A lab monkey escaped from the lab! Scientists searched for hours, but now they’re tired and calling off the search. I hope they weren’t testing anything radioactive… Details after the jump.
Emma Rabid

Emory University’s Yerkes National Primate Research Center announced it has ended efforts to locate the animal. Known only as “EP13,” the 2-year-old rhesus macaque was discovered missing on June 15.

“Despite extensive efforts by Yerkes staff, we have not been able to locate this research animal,” Dr. Stuart Zola, director of Yerkes, said in a prepared statement issued last week.

“Efforts included searching the Yerkes property numerous times, conducting multiple census counts of the research animals and working with Gwinnett County Animal Control to follow up on 26 reported ‘sightings’ in the metro Atlanta area,” Zola said.
Zola said he has directed Yerkes staff to continue taking steps to prevent any such future occurrences, including using microchip technology to better track the animals and increasing security and video surveillance at the center.

The center will also pursue any recommendations regulatory authorities may make, he said. Earlier this summer, Yerkes officials met with representatives of the U.S. Department of Agriculture and the Georgia Department of Natural Resources to discuss steps they had taken in the search.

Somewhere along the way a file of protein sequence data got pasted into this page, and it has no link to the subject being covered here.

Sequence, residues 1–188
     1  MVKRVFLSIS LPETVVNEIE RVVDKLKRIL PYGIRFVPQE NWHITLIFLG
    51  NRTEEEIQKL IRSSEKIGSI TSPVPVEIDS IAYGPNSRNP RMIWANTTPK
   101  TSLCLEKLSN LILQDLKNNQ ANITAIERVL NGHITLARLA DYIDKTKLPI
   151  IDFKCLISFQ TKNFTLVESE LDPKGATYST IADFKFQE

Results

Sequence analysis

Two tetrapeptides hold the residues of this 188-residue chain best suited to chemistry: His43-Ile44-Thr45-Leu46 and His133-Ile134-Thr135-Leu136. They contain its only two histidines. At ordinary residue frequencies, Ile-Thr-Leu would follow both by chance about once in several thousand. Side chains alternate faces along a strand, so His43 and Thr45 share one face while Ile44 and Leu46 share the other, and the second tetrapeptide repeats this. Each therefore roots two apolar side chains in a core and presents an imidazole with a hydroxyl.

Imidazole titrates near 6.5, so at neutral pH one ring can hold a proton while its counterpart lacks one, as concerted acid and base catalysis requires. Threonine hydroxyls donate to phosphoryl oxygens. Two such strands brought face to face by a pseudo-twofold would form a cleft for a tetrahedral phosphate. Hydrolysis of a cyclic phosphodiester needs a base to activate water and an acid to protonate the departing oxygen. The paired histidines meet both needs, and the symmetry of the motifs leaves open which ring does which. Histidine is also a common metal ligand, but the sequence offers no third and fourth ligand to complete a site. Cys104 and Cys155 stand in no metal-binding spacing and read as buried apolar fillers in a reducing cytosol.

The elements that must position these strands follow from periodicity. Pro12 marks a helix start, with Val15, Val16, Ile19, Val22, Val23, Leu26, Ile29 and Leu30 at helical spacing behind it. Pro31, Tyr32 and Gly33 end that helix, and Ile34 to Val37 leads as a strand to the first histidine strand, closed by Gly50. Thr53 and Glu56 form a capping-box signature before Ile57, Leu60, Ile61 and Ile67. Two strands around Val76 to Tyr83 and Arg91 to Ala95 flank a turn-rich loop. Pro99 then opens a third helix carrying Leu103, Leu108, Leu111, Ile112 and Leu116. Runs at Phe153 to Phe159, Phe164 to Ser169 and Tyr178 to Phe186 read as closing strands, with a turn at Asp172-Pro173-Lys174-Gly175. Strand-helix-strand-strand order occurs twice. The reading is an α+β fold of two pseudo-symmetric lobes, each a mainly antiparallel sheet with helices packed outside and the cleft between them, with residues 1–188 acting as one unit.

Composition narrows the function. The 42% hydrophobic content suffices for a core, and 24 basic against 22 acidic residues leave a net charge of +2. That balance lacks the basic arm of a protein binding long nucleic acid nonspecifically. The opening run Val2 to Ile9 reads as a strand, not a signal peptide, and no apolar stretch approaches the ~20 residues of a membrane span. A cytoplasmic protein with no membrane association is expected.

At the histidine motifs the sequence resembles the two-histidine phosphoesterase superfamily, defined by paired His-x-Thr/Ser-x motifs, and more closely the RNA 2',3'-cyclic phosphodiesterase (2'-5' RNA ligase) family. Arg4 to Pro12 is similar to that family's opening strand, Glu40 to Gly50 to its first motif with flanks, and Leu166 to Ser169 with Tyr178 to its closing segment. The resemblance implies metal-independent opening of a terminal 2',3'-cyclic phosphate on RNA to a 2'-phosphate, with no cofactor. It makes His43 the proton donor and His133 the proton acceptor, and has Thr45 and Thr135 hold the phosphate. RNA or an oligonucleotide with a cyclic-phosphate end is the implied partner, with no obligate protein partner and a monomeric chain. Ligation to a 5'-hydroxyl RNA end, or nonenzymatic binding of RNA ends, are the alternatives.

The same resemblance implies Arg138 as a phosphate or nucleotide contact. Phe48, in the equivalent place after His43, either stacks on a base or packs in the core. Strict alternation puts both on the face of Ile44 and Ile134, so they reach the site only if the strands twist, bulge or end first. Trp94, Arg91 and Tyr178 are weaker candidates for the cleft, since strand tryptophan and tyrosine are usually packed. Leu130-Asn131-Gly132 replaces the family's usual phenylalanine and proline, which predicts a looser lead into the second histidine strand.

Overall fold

With the search ended, “we are focusing on our research operations at the center and doing things to ensure this would not happen again,” Lisa Newbern, a Yerkes spokeswoman, said in a telephone interview Monday.

If someone should see the monkey, she said, “people are still welcome to give us a call at 404 727-7732, or Gwinnett County Animal Control, 770 339-3200.”

It was hoped that Ep13 could be in or around the 117-acre Primate Research Center, but repeated searches proved fruitless.

Searchers had speculated the monkey fled into the nearby woods, possibly finding shelter in the surrounding Gwinnett suburbs or even going farther, venturing far outside of metro Atlanta. Yerkes has taken calls from people in other counties claiming to have seen her.

The Atlanta Journal-Constitution on July 5 cited a Georgia Department of Natural Resources report that Yerkes waited five days before notifying authorities of the missing monkey.

The DNR report showed that after identifying that the monkey was missing on June 15, Yerkes staff started an immediate search of its grounds and on June 17 filed an incident report to the Institutional Animal Care and Use Committee, the oversight body for university animal testing.

Yerkes contacted the U.S. Department of Agriculture three days later, on June 20, and then the DNR on June 22. The last time Yerkes had conducted a full head count of the monkeys was May 26, when the group was being transported within the facility.

The report also said that five days into the search, a Yerkes veterinarian believed the primate might be deceased. The veterinarian speculated the missing monkey had fallen into a crevice and died, or that a hawk had captured it.

Meanwhile, about 20 area residents filed a complaint with Lawrenceville and Gwinnett authorities against the primate research center, saying it did not belong in a residential area because of the threat escaped animals could pose to neighbors.

Operated by Emory University, Yerkes is one of eight federally funded national primate research centers. It keeps a total of about 3,400 primates at a 25-acre campus in Atlanta and the 117-acre field station in Lawrenceville. The field station, which opened in 1966, is home to 1,899 rhesus macaques and 2,220 animals overall.